In 1976, Fellini turned to a personal interpretation of the archetypal Latin lover - Giacomo Casanova - and produced a masterpiece that also proved to be a commercial failure, in spite of the Oscar set designer Danilo Donati won for his efforts. Nevertheless, in retrospect, Il Casanova di Fellini (Fellini's Casanova) compares favorably with Stanley Kubrick's Barry Lyndon, appearing almost at the same time. The film's marvelous re-creation of the world of eighteenth-century Venice inside the studios of Cinecitta yielded the most expensive film Fellini had shot to that point in his career. After its commercial failure, Fellini seemed to turn to Italy's present to cast a critical eye upon his fellow countrymen without completely abandoning the nostalgia for Italy's past that has always played such a prominent role in his works. Prova d'orches-tra (Orchestra Rehearsal, 1979), probably the only film Fellini ever made that was at least partly inspired by political events (the murder of Aldo Moro by Red Brigade terrorists), presents Italy as an orchestra out of sync with not only the music it is playing but its conductor as well. It was honored by a special preview presentation for President Sandro Pertini in the Quirinale Palace in Rome on 19 October 1978, a recognition of the filmmaker's importance to Italian culture that has never been achieved by any other Italian film director. Although it nev-

Lilly Roma

{left) A preparatory drawing by Fellini for a cardinal's hat in his ecclesiastical fashion parade in Roma. [Photo: Federico Fellini and the Lilly Library of Rare Books (Indiana University)]

(facing) Three different sketches for cardinals to be included in the ecclesiastical fashion parade in Roma: The figures are compared to a cuttlefish bone, a ray of light, and a pinball-machine flipper. [Photo: Federico Fellini and the Lilly Library of Rare Books (Indiana University)]

(below) Some of the cardinals actually represented in the film Roma based on preliminary sketches by Fellini. [Photo: The Museum of Modern Art/Film Stills Archive]

Fellini Film StillsFellini Sketches

er achieved wide international distribution, the work was extremely successful within Italy due to its subject matter.

In 1979, shortly after beginning work on his next film, Fellini's beloved friend and collaborator, Nino Rota, died. Rota, whose music had become virtually synonymous with Fellini's cinematic signature, had contributed music to almost all of Fellini's previous works, as well as to such important American classics as Francis Ford Coppola's The Godfather.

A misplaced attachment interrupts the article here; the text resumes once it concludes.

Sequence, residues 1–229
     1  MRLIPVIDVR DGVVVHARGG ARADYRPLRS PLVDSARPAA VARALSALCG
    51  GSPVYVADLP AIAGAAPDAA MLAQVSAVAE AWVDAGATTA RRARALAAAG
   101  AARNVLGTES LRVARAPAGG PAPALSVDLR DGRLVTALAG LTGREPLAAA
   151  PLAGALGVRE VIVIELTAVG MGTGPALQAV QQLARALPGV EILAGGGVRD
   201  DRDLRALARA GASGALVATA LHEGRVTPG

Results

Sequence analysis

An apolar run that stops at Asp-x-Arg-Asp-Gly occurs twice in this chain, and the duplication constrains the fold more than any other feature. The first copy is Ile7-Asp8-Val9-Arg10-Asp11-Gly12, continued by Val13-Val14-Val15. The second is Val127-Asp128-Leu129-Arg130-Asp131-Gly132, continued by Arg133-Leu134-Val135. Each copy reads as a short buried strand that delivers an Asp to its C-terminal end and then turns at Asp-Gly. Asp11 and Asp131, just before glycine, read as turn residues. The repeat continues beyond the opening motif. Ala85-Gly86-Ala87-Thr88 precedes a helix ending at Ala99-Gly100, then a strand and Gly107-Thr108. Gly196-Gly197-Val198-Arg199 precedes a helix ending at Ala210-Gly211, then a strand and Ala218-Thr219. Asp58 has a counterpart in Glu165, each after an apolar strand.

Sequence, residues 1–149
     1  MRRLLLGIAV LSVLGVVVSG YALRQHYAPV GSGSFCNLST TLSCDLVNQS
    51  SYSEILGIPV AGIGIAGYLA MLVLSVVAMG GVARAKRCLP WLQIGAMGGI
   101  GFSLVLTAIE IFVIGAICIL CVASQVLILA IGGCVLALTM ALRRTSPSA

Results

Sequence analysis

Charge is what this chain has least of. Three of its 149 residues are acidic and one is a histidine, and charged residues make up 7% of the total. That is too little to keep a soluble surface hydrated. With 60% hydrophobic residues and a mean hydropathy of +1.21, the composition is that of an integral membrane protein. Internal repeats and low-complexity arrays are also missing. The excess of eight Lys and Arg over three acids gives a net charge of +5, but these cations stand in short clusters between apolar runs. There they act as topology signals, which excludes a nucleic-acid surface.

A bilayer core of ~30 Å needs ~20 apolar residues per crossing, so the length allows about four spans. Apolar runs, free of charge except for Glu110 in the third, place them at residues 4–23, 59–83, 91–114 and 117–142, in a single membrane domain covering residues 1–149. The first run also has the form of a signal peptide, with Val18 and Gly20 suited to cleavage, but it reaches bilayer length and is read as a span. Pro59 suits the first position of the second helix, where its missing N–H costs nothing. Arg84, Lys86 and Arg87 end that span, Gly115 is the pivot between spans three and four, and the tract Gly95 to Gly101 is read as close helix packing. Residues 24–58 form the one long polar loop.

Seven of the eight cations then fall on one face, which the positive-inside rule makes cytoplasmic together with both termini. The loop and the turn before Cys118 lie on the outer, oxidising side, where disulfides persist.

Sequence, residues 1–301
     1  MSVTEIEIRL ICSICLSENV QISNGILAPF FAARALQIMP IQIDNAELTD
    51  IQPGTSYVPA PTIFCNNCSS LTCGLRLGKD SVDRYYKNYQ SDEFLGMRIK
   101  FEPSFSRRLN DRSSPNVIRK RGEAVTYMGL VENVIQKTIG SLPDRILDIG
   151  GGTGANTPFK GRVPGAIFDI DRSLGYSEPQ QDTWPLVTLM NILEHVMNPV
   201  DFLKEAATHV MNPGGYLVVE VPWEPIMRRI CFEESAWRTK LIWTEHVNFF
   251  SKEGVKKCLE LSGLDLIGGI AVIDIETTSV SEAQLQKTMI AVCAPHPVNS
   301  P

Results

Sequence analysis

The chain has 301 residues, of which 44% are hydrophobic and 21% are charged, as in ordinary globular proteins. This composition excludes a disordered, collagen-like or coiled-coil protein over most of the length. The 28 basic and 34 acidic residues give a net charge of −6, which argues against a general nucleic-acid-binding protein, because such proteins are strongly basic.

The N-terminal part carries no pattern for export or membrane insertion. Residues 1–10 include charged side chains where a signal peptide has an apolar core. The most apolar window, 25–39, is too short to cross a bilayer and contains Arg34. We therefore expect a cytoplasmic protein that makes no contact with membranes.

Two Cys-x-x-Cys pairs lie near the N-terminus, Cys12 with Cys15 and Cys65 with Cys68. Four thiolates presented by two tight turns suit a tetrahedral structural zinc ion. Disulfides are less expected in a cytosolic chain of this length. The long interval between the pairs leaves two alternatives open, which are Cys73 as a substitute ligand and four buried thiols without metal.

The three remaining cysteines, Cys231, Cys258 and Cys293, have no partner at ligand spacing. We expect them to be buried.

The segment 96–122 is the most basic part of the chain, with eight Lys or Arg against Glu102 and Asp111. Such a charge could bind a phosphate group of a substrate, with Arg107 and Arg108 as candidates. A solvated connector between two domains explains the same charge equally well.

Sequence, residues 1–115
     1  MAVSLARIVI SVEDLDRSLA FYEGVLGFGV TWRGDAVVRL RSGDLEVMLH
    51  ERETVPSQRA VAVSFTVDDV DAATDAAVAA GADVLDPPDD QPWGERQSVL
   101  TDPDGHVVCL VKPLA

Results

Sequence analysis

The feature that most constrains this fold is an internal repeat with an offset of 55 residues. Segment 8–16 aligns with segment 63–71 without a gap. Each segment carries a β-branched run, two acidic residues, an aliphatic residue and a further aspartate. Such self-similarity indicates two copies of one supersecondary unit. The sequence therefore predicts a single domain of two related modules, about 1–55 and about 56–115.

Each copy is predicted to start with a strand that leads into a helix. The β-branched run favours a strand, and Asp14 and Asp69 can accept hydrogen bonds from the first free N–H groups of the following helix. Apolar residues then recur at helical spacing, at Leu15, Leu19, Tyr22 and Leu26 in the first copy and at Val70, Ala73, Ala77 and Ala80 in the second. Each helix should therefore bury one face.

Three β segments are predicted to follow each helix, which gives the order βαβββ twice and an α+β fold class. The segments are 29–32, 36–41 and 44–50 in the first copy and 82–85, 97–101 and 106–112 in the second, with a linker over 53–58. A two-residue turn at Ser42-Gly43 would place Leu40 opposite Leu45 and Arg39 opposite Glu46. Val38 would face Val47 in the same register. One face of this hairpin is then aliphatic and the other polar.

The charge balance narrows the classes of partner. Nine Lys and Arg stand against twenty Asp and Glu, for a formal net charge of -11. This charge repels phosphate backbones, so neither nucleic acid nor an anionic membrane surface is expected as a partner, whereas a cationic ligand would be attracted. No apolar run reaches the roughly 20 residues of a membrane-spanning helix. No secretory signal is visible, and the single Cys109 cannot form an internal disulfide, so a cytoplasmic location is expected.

Casanova Fellini

A pensive Fellini on the set of Il Casanova di Fellini, a financial failure but an artistic masterpiece attacking the perennial myth of the Latin lover. [Photo: The Museum of Modern Art /Film Stills Archive]

Nave Dolce Poster
On an outdoor location shooting La città delle donne, Fellini shows Snàporaz (Marcello Mastroianni) how to kiss the enigmatic lady on the train (Bernice Stegers), who lures the film's protagonist to the feminist convention. [Photo: The Museum of Modern Art /Film Stills Archive]

In 1980, Fellini released La città delle donne (The City of Women), a work that he intended to be a comic portrait of a traditional male who finds the new women's liberation movement in Italy incomprehensible. A difficult but rewarding film, La città delle donne was nevertheless a critical and commercial failure and, moreover, aroused the ire of a number of feminists, who saw it as the final proof of Fellini's unreconstructed male chauvinism. Germaine Greer, however, to mention only one important feminist writer, correctly saw La città delle donne as more than an aging director's jeremiad against change he could not understand.28 The year 1980 also saw Fellini publishing an important statement on his life and career, Fare un film [Making a Film], which consisted of a rewriting of a number of statements and declarations he had written or published previously.29 Meanwhile, in America, the musical Nine (based upon Fellini's 8V2) was a smash hit on Broadway.